Reuber’s work, having the origin it did, was naturally concerned with the relationship

of inflation, rather than wage change, to unemployment, but of course he surveyed

the related work, including that of Phillips (1958) and Samuelson and Solow (1960)

and he referred to “the Phillips curve” as an inflation relation – perhaps adopting that

from the latter authors. And, naturally, Reuber’s work did focus on the existence and

terms of a “tradeoff”. These were the things which at least initially came to describe

Johnson’s idea of what the “Phillips curve” was all about. So, putting all this together,

it seems very likely that Johnson learned of the curve, and learned to treat it as

describing a tradeoff between inflation and unemployment, from Reuber, in 1962.


Johnson’s knowledge of the Phillips curve literature was extraordinarily limited. A

single reference to the work of Corry and Laidler or Hines might suggest the tip of an

iceberg of learning, but when those are recycled from paper to paper with so little

else mentioned, any such impression is shattered. In any case, those two papers were

both written to call Phillips-­‐type relations into question, and so were not examples of

the literature following Phillips at all. He mentioned Rees (1970) a couple of times,

but treated his work inconsistently, and there are his various mentions of work by

Solow, Cagan, and Tobin – but they all come from the same rather obscure volume,

and the oddity of the attention Johnson gave to it is emphasized by the fact that Solow

reworked his analysis in what became a much better known piece (1969), which

Johnson never mentioned. Apart from just a couple of appearances each for Lipsey

(1960) and Samuelson and Solow (1960) – two papers which later authors on the

Phillips curve have thought central to the development of the literature – there is

then hardly anything other than his discussions of Reuber’s work. Of about 90

econometric papers in the broad “Phillips curve literature” before Friedman’s

Presidential Address (1968) considered by Forder (2014 ch. 3), Johnson never

mentioned more than a handful; of the work after it, he considered only the Rousseas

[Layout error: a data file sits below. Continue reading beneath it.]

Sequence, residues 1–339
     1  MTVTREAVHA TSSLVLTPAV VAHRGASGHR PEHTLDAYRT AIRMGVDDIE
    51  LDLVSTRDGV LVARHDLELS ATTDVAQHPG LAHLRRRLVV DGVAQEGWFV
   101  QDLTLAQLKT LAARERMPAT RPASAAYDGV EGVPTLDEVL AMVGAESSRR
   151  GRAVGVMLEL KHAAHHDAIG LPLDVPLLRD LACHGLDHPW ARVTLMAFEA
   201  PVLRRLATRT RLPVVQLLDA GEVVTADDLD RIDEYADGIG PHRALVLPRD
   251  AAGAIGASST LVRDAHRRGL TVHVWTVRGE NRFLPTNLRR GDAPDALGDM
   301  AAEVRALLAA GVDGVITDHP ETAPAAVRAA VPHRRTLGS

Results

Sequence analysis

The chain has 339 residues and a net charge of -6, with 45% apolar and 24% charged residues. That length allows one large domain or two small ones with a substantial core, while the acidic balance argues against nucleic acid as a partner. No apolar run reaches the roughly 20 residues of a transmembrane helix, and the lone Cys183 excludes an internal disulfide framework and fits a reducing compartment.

(1968) volume, and of the hundreds of papers that appeared in response to rising

inflation in the early 1970s, sampled by Forder (2014 ch. 4), he seems to have known

nothing. Furthermore, few as Johnson’s sources were, a good portion of them might

have come to his attention because of special circumstances, rather than from any

genuine investigation of the literature: This is evidently true of Reuber; Laidler had

been Johnson’s research assistant, the Rousseas volume may well have been given to


him by Tobin – the mutuality of their respect for each other is apparent. As to Hines,

Johnson (1971b) explained that his comments had excited interest at a conference he

organized, and for that reason a paper from him was added to the published

proceedings. Evidently, Hines had not been on the original program and so it seems

Hines’ appearance at the conference was what brought his work to Johnson’s

attention. There really is no sign that Johnson ever thought it worthwhile finding out

about the Phillips curve literature.

Furthermore, what he did say was often not correct, and frequently inconsistent.

Whether it be over Phillips’ objectives, whether he was studying wages or inflation,

the significance of the work of Phelps, the influence of Reuber, or whether the curve

was a theoretical contribution or merely an empirical one, Johnson was at sixes and

sevens throughout.

One conclusion then, is that Johnson’s remarks on the Phillips curve certainly cannot

be treated as authoritative. Within the bounds of reasonable scholarship, nothing

about it can be established by an appeal to his authority since, plainly, he never knew

much about it.

Whether or to what extent Johnson’s introduction of confusion over these things may

explain the more general misappreciation of the literature described by Forder

(2014) must be a more speculative matter. Clearly the fact that his surveys were so